PRO (linguistics)

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PRO (pronounced big pro, to distinguish it from pro, pronounced little/small pro) is an empty category whose existence is first postulated in classical Government and Binding Theory. There are two independent pieces of evidence for its existence: the Extended Projection Principle (which states that all clauses must have a subject) and theta criterion (which states that every argument a verb can assign must be realized):

  • I persuaded John [PRO to read Al Gore's latest book]

In the example above, PRO serves as the subject of the non-finite clause [to read Al Gore's latest book], thereby satisfying the EPP-feature of T (occupied by the infinitival 'to' in the example). Since it is an object control sentence, 'John' is the antecedent of PRO, they are co-indexed.

The interpretation of PRO may be either dependent on another noun phrase (like anaphors) or arbitrary (like pronominals). That is why in terms of features PRO may be described as [+anaphor, +pronominal]. However, this set of features would pose a problem for Binding Theory: an anaphor must be bound in its governing category, whereas a pronominal must be free (in its governing category). The solution that Chomsky proposed was the so-called PRO Theorem: PRO must be ungoverned. In other words, PRO cannot be governed and that is why it cannot have a governing category.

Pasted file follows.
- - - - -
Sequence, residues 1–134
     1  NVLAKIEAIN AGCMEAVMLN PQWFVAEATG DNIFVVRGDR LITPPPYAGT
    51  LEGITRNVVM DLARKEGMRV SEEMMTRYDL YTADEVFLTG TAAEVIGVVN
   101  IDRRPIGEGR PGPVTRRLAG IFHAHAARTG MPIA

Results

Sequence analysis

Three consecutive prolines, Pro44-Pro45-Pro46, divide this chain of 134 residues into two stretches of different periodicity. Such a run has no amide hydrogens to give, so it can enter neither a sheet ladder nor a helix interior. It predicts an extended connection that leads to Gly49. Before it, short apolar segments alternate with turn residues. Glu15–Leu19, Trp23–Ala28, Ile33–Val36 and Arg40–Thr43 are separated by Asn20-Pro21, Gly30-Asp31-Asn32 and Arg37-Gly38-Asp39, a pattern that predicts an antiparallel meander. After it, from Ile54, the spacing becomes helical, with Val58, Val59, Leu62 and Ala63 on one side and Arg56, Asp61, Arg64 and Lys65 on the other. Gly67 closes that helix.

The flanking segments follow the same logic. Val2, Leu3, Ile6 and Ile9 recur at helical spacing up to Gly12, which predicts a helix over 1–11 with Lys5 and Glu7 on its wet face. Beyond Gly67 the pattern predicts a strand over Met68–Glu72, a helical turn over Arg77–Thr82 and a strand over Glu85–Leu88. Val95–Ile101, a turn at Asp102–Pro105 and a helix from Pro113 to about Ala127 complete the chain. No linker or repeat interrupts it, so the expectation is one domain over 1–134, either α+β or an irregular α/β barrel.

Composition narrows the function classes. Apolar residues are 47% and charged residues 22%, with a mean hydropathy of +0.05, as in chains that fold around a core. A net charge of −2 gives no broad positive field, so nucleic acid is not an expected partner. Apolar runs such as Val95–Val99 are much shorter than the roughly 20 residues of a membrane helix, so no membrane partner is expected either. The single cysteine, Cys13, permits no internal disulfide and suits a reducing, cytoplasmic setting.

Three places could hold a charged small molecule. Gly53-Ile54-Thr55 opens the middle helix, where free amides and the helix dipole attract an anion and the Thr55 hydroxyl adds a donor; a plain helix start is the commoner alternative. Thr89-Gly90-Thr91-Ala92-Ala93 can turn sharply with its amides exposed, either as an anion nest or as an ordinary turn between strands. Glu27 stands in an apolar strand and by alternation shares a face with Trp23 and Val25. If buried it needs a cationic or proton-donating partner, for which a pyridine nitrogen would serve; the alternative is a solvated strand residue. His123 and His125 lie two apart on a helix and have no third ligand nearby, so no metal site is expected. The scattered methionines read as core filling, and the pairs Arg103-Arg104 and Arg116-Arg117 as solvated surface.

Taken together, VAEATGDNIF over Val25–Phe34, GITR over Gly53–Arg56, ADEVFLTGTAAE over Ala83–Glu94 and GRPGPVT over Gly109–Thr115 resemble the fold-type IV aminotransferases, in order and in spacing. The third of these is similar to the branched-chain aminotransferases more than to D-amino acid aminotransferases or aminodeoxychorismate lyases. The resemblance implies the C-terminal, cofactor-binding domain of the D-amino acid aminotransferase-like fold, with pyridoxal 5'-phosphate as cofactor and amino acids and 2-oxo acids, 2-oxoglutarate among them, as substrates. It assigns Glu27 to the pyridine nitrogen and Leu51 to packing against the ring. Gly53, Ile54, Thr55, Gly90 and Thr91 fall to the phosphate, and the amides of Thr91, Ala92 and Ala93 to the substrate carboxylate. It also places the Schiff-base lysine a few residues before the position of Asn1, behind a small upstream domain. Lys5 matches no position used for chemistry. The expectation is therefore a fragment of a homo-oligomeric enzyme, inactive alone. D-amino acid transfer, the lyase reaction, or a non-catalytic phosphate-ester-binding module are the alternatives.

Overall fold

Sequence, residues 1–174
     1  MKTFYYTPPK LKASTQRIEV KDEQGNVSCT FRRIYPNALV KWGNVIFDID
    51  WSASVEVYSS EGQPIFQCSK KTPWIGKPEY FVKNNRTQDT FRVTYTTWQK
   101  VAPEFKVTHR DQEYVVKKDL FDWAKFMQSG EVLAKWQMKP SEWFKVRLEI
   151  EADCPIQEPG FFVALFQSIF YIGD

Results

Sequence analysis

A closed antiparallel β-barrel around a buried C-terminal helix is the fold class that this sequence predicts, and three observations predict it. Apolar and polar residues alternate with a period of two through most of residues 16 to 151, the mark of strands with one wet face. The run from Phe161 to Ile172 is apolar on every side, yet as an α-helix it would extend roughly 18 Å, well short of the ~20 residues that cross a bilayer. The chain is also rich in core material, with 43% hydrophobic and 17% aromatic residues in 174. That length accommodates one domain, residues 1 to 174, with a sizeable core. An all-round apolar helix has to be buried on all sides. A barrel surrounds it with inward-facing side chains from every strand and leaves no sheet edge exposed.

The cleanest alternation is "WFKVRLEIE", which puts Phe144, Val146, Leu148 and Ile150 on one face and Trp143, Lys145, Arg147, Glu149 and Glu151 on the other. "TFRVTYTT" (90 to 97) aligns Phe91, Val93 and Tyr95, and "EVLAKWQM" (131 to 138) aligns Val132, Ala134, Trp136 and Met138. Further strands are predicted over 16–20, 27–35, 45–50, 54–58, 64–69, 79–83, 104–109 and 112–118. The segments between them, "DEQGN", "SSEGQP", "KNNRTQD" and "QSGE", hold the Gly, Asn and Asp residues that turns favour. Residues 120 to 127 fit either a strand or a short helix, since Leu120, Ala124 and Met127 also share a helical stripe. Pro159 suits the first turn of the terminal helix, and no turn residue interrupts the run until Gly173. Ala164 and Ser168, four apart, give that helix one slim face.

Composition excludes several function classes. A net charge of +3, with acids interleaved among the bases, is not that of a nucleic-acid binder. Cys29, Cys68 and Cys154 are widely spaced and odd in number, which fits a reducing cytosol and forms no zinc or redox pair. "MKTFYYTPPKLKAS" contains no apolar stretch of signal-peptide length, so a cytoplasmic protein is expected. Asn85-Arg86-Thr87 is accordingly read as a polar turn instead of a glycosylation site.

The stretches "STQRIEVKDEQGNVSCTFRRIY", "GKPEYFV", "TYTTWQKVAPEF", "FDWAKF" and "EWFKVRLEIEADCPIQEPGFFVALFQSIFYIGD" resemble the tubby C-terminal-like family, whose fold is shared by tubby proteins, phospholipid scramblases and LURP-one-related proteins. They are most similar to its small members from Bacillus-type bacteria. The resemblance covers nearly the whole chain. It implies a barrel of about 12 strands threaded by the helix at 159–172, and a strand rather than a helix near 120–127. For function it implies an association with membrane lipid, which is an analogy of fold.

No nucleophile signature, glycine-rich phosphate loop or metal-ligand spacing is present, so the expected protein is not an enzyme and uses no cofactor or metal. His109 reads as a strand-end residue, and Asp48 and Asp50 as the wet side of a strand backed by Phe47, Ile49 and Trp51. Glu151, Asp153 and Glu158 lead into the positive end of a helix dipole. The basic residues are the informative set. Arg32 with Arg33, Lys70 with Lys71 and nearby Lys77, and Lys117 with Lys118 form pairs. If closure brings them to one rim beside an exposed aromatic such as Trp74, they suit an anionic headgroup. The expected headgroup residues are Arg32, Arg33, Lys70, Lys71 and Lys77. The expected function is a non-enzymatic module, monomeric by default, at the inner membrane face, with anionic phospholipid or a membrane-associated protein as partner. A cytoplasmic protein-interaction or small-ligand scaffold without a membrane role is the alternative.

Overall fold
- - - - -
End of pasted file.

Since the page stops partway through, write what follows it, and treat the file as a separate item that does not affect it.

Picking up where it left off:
In recent literature (Chomsky 1999, Radford 2004) the existence of PRO has been argued for without the help of the PRO Theorem and government theory. It is posited that PRO is in complementary distribution with overt subjects because it is the only item that is able to check "null case" from a nonfinite T, namely the 'to' in control infinitives. By positing this, the problems arising from the PRO Theorem are avoided. The problem was that PRO serves as the subject of the control clause and must, as such, be case-marked. However, following the traditional G&B-framework, case-marking only applies under government. Thus, PRO could not be case-marked since it must be ungoverned. If PRO receives null-case, it is licensed to appear in subject position.

On the other hand, Norbert Hornstein (1999) has proposed that control verbs can be explained without resort to PRO, and that PRO can be done away with entirely.

References[edit]

  • Martin, Roger. 2001. Null Case and the Distribution of PRO. Linguistic Inquiry 32(1), 141–166.
  • Hornstein, Norbert. 1999. Movement and Control. Linguistic Inquiry 30(1), 69–96.